Sir Walter Scott: A Writer with Global Appeal

ScottWhen novelist and poet Sir Walter Scott died at his home, Abbotsford House near Melrose, in late September 1832, the press in Scotland was full of praise for, as the Caledonian Mercury put it, ‘this illustrious writer’ and ‘great luminary of letters’. Though not normally described as Scotland’s national bard – this being a title usually reserved for Robert Burns – Scott was immensely popular. Best known for his novels, including Ivanhoe, Rob Roy, The Lady of the Lake, Waverley and The Heart of Midlothian, Scott’s popularity, as the Mercury’s obituary went on to stress, rested on him having ‘boldly struck into a new path … evoking all that was most grand, gorgeous, and romantic in the past history or traditions of a land singularly rich …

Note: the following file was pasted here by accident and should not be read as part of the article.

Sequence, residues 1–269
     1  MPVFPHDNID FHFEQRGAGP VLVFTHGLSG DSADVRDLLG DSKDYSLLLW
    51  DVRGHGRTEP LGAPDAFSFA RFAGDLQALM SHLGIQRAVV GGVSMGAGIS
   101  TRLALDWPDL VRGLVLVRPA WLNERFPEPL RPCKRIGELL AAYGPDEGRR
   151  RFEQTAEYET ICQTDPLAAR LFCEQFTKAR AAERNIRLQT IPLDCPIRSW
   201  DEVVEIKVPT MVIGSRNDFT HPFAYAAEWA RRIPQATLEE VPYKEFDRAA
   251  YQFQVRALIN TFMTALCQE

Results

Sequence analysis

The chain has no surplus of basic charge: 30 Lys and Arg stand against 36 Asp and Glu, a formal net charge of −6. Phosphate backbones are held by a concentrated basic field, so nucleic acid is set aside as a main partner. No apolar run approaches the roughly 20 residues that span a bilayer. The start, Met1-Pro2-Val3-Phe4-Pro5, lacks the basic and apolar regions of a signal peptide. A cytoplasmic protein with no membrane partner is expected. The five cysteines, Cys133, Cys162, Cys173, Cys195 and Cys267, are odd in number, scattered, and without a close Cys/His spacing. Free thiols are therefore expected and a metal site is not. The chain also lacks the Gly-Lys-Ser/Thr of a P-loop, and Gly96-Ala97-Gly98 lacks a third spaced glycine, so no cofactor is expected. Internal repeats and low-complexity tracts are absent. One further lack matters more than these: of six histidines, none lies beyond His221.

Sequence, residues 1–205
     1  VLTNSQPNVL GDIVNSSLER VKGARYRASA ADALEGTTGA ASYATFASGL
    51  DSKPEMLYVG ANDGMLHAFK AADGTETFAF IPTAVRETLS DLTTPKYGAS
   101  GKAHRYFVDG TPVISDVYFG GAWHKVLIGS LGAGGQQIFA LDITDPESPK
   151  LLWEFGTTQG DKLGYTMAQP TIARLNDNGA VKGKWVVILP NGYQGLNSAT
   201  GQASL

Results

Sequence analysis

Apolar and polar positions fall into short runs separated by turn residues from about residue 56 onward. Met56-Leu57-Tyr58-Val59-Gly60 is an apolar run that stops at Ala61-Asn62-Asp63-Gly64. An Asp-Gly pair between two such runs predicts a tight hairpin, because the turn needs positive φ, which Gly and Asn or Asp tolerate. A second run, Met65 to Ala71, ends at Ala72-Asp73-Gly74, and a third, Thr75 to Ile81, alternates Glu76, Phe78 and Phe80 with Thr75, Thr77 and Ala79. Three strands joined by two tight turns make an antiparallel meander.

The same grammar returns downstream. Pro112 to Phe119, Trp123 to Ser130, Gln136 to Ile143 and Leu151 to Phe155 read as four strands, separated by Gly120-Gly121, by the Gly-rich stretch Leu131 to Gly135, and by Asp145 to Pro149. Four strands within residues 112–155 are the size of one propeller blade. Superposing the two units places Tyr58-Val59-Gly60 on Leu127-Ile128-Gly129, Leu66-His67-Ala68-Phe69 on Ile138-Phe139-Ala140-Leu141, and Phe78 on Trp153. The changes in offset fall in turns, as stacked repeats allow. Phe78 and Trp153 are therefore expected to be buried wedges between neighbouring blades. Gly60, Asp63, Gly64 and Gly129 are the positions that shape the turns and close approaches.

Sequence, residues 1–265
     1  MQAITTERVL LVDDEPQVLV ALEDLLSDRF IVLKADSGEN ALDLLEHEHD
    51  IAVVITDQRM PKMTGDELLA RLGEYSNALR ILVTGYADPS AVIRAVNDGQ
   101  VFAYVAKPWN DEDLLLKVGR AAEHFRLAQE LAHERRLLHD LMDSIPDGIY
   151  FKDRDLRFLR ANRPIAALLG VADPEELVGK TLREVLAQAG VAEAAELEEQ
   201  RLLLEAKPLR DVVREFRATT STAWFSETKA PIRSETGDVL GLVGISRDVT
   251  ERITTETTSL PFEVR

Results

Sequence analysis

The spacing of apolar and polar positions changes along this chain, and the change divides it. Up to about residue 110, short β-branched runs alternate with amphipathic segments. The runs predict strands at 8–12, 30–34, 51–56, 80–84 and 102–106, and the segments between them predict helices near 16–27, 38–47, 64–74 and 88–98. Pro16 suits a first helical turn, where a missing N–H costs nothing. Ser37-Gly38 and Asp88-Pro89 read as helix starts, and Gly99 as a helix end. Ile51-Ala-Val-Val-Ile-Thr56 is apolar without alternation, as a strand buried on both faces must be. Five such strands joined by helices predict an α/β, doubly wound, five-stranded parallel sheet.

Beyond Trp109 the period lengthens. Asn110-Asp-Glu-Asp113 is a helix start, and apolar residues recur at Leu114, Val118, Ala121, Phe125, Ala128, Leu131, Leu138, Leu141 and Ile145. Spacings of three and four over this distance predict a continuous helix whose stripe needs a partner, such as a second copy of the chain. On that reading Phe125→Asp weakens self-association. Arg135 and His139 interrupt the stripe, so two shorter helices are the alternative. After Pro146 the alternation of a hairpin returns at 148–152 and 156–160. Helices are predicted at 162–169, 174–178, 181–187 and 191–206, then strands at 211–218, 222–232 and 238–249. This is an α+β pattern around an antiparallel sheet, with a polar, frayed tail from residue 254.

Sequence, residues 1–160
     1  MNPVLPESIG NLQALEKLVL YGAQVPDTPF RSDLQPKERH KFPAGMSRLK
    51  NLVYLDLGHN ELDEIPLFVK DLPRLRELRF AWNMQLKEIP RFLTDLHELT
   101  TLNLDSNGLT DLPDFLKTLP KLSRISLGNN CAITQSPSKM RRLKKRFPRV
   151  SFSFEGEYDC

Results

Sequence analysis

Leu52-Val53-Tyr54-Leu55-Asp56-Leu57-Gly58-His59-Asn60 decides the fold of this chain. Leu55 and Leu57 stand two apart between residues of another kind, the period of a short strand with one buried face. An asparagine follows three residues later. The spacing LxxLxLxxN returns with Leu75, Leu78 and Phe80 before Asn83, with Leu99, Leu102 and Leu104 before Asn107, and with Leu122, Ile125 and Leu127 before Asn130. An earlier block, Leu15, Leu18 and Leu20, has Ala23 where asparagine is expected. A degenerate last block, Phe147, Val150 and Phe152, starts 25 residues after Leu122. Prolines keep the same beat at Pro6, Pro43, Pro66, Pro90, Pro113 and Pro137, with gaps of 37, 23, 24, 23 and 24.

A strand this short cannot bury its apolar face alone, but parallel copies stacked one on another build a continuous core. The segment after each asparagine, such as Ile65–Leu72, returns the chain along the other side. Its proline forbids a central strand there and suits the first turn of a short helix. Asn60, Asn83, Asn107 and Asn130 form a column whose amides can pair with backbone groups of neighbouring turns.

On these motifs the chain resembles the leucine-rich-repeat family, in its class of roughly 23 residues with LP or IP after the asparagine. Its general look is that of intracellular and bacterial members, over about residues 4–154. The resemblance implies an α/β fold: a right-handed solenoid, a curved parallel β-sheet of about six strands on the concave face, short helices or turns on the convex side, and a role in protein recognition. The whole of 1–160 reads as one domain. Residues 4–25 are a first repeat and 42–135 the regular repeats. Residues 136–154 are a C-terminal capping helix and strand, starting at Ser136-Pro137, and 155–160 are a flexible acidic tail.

Sir Walter Scott’s ‘Waverley’ and the St Andrew’s Society of Shanghai

imageOn this day in 1814, the novel Waverley was published by Sir Walter Scott. Here’s for a short story from the Scottish Diaspora in Asia that connects to the novel.

When Shanghai’s St Andrew’s Society and its guests gathered at the Shanghai Club to celebrate St Andrew’s Day in 1879, it was not the customary ball that was held, but a ‘Waverley Ball’, organised ‘in honour of the Patron Saint and the Poet Novelist of Scotland.’ As had already been reported in a local paper in the summer of 1879, guests were meant to be dressed as characters from Scott’s Waverley novels: ‘We hear with pleasure that the members of St. Andrew’s Society have decided to give a fancy dress ball, about the 30th November next. It can most appropriately …